Note: We could have just output the data.csv directly to the c:\wwwroot\weatherdata\data.csv directory in line 1. This is just to show the functionality of the copy command. It is redundant and a unnecessary step.

 

Line 4 is another copy action where we take the created HighsAndLows.htm and copy out to our web server’s weather data directory.

 

Line 5 is a run execute command line action. It is going to run the WeatherReader.exe (or any other executable, such as a batch file, FTP, or some other process) and pass in the %OutdoorTempDegF% variable into that application.

 

Line 6 is a request URL action. We are requesting a URL and passing the variables into the URL string. This can be useful if you need to transfer data to another computer that WUHU is not running on, useful for getting data into a web service or script that runs via a web server.

It takes this:

 

http://www.someplace.com/webservice/collector.aspx?t=%OutdoorTempDegF%&h=%OutdoorHumidity%

 

And requests the webpage just like a web browser would with:

 

http://www.someplace.com/webservice/collector.aspx?t=69&h=53

 

Line 7 is a FTP put action. We are using the built in FTP function of WUHU to FTP the file to a FTP server.

Usage:

 

ftp://user:password@server[:port] [ASCII | BINARY] "local file" "remote file" ["local file" "remote file"] ...

 

In this example we would transfer one file from the local drive to your server and store the file under the \data directory on the server. Beware that the remote file specification is probably case-sensitive, this includes path names (\data) as well as forward slashes OR backslashes depending on the type of FTP service that is receiving the file.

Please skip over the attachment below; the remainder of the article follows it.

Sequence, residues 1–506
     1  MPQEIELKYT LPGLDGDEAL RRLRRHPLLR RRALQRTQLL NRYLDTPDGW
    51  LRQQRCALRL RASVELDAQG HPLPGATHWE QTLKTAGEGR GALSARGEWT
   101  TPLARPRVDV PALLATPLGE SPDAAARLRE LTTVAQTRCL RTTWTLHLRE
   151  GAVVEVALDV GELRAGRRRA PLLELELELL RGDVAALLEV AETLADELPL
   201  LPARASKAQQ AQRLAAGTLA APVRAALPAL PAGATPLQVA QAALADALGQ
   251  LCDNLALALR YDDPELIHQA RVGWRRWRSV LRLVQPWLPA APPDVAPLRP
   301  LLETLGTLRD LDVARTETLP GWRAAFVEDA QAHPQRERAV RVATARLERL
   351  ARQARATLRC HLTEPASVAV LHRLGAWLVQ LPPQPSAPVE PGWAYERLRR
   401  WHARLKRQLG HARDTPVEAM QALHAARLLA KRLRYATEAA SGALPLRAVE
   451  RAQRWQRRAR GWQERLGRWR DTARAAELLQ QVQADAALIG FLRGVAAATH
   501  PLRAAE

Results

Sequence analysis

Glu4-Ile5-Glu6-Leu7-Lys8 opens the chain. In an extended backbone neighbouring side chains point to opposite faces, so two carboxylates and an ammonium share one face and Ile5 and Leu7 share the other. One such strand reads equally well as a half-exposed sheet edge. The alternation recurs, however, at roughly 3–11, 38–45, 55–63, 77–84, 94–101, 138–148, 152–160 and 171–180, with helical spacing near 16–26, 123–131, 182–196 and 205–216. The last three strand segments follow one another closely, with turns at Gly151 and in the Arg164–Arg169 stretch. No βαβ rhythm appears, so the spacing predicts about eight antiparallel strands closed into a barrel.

As with other actions, the double quotes are required when specifying paths and filenames in order to support long path names that can contains spaces. You must use the double quotes on both the local *and* the remote path and file specifications even if the server does not support long file names. Never use spaces in the filenames on the remote server if it does not support this. If you do use spaces in the filename where it is not allowed, the transfer will always fail.

The ASCII transfer mode is initially assumed. You can change from ASCII to binary mode transfers by placing the keyword ASCII or BINARY before the specified file pair.

 

ftp://bob:fido@myserver.com BINARY "C:\Program Files\WUHU\data\data.csv" "\data\data.csv"

 

You can switch modes between transfers like this:

 

ftp://bob:fido@myserver.com BINARY "C:\Program Files\WUHU\data\data.csv" "\data\data.csv"  ASCII "C:\Program Files\WUHU\data\anotherdata.csv" "\data\anotherdata.csv"

 

You can specify the port to be used for FTP transfers. By default most servers use port 21. You can override this by specifying the port after the server name (in this case, port 22):

 

ftp://bob:fido@myserver.com:22 "C:\Program Files\WUHU\data\data.csv" "\data\data.csv"

 

You can enable passive mode by using the ‘P’ flag immediately after the port number. This example uses port 21 with passive mode:

 

ftp://bob:fido@myserver.com:21P "C:\Program Files\WUHU\data\data.csv" "\data\data.csv"